skip to main content

Title: Active Galactic Nucleus Variability in the Age of Rubin

Over the next 10 years, the Vera C. Rubin Observatory (Rubin) will observe ∼10 million active galactic nuclei (AGNs) with a regular and high cadence. During this time, the intensities of most of these AGNs will fluctuate stochastically. Here, we explore the prospects to quantify precisely these fluctuations with Rubin measurements of AGN light curves. To do so, we suppose that each light curve is described by a damped random walk with a given fluctuation amplitude and correlation time. Theoretical arguments and some current measurements suggest that the correlation timescale and fluctuation amplitude for each AGN may be correlated with other observables. We use an expected-information analysis to calculate the precision with which these parameters will be inferred from the measured light curves. We find that the measurements will be so precise as to allow the AGNs to be separated into up to ∼10 different correlation-timescale bins. We then show that if the correlation time varies as some power of the luminosity, the normalization and power-law index of that relation will be determined to(104%). These results suggest that with Rubin, precisely measured variability parameters will take their place alongside spectroscopy in the detailed more » characterization of individual AGNs and in the study of AGN population statistics. Analogous analyses will be enabled by other time-domain projects, such as CMB-S4.

« less
; ;
Publication Date:
Journal Name:
The Astrophysical Journal
Page Range or eLocation-ID:
Article No. 41
DOI PREFIX: 10.3847
Sponsoring Org:
National Science Foundation
More Like this
  1. Abstract

    We combine our dynamical modeling black-hole mass measurements from the Lick AGN Monitoring Project 2016 sample with measured cross-correlation time lags and line widths to recover individual scale factors,f, used in traditional reverberation-mapping analyses. We extend our sample by including prior results from Code for AGN Reverberation and Modeling of Emission Lines (caramel) studies that have utilized our methods. Aiming to improve the precision of black-hole mass estimates, as well as uncover any regularities in the behavior of the broad-line region (BLR), we search for correlations betweenfand other AGN/BLR parameters. We find (i) evidence for a correlation between the virial coefficientlog10(fmean,σ)and black-hole mass, (ii) marginal evidence for a similar correlation betweenlog10(frms,σ)and black-hole mass, (iii) marginal evidence for an anticorrelation of BLR disk thickness withlog10(fmean,FWHM)andlog10(frms,FWHM), and (iv) marginal evidence for an anticorrelation of inclination angle withlog10(fmean,FWHM),log10(frms,σ), andlog10(fmean,σ). Last, we find marginal evidence for a correlation between line-profile shape, when using the root-mean-square spectrum,log10(FWHM/σ)rms, and the virial coefficient,log10(frms,σmore »stretchy='false'>), and investigate how BLR properties might be related to line-profile shape usingcaramelmodels.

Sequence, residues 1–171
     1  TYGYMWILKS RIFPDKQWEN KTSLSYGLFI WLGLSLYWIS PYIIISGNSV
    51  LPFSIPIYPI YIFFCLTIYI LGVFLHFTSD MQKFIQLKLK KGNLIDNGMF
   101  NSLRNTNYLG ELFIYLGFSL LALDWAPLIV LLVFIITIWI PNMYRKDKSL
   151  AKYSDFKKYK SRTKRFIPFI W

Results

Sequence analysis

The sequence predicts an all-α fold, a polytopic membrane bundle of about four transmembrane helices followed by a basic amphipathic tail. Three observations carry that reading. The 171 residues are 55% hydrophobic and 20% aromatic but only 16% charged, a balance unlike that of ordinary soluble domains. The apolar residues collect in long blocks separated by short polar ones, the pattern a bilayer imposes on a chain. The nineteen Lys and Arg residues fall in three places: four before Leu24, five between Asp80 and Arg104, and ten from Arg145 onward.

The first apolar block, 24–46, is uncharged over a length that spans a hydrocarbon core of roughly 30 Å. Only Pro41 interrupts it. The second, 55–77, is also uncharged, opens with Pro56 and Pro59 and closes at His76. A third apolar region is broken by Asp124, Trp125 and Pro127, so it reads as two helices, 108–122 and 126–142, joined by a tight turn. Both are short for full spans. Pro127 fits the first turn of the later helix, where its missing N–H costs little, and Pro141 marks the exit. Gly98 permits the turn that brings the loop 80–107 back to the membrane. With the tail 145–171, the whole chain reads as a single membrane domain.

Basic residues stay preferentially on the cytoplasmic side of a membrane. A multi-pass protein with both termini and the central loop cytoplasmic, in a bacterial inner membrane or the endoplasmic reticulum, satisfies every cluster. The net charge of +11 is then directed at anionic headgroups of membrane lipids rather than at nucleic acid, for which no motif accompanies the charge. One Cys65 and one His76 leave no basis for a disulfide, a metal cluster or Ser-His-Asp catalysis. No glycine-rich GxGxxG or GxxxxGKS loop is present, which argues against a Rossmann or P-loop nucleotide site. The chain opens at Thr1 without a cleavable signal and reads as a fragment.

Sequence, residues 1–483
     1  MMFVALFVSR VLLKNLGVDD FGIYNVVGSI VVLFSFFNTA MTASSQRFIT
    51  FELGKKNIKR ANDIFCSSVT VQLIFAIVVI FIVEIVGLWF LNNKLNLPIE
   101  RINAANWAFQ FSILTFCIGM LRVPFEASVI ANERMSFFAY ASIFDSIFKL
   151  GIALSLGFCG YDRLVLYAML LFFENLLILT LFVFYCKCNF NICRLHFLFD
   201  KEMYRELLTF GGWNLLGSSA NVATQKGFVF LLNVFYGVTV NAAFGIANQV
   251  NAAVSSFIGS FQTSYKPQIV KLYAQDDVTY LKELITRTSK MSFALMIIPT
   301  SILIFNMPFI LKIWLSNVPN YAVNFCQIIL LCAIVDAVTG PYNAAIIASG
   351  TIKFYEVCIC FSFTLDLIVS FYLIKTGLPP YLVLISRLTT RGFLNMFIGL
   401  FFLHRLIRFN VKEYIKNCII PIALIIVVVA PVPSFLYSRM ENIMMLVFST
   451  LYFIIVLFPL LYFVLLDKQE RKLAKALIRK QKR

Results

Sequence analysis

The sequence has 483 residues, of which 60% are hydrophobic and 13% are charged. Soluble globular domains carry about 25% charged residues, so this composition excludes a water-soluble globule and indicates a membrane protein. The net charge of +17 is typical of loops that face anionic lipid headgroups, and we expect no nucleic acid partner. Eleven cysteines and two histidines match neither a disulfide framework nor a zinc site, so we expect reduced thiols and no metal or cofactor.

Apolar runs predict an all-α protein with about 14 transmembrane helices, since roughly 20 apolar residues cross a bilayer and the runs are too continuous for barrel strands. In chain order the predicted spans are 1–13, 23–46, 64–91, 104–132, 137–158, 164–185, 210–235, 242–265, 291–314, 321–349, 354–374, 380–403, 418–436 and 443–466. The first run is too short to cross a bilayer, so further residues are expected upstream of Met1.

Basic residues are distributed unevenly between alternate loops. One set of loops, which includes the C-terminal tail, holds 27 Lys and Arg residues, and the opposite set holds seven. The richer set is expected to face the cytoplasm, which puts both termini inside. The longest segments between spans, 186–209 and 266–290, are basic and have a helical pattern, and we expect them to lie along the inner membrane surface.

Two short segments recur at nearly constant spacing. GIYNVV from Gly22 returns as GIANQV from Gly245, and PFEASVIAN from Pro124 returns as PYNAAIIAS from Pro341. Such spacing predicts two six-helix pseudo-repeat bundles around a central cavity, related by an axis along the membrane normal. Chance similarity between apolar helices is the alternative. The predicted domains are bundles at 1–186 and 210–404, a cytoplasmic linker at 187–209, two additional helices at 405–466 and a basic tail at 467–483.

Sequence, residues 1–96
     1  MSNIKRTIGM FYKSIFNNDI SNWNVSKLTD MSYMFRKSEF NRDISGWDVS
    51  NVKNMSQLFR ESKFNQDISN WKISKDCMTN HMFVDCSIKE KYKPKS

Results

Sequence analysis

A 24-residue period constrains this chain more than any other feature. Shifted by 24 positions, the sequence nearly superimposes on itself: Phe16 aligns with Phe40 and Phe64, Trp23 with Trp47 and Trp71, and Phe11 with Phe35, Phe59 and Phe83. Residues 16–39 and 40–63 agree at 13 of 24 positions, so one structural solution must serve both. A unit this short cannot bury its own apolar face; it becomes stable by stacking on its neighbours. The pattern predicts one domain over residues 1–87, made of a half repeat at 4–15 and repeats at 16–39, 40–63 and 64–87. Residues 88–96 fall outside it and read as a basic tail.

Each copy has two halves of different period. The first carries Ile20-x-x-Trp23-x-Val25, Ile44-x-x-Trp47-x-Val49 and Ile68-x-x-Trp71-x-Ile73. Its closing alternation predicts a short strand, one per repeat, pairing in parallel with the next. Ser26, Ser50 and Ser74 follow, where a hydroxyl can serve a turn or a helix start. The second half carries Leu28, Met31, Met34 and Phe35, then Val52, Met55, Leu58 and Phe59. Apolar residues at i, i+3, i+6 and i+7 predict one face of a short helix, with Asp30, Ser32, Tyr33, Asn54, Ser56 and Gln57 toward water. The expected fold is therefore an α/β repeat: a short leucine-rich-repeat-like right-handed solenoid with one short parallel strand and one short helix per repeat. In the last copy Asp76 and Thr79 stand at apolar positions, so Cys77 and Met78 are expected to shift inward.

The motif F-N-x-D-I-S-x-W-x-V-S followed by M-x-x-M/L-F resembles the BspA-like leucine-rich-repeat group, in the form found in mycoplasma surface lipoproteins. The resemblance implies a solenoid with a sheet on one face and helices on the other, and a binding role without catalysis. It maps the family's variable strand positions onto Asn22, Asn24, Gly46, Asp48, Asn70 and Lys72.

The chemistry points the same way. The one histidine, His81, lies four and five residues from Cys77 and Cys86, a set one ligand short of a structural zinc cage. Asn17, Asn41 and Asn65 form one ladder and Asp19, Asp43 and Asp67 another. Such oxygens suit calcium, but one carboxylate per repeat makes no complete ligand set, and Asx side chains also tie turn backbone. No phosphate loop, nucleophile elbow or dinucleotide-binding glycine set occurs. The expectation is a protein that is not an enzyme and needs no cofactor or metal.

« less
  2. Abstract

    We present the results of a new reverberation mapping campaign for the broad-line active galactic nucleus (AGN) in the edge-on spiral IC 4329A. Monitoring of the optical continuum withV-band photometry and broad emission-line flux variability with moderate-resolution spectroscopy allowed emission-line light curves to be measured for Hβ, Hγ, and Heiiλ4686. We find a time delay of16.32.3+2.6days for Hβ, a similar time delay of16.02.6+4.8days for Hγ, and an unresolved time delay of0.63.9+3.9days for Heii. The time delay for Hβis consistent with the predicted value from the relationship between AGN luminosity and broad-line region radius, after correction for the ∼2.4 mag of intrinsic extinction at 5100 Å. Combining the measured time delay for Hβwith the broad emission-line width and an adopted value of 〈f〉 = 4.8, we find a central supermassive black hole mass ofMBH=6.81.1+1.2×107M. Velocity-resolved time delays were measured across the broad Hβemission-line profile and may be consistent with an “M”-like shape. Modeling of the full reverberation response of Hβwas able to provide only modest constraints on some parameters, but does exhibit agreement with the black hole mass and average time delay. The models also suggest that themore »AGN structure is misaligned by a large amount from the edge-on galaxy disk. This is consistent with expectations from the unified model of AGNs, in which broad emission lines are expected to be visible only for AGNs that are viewed at relatively face-on inclinations.

    « less
  3. Abstract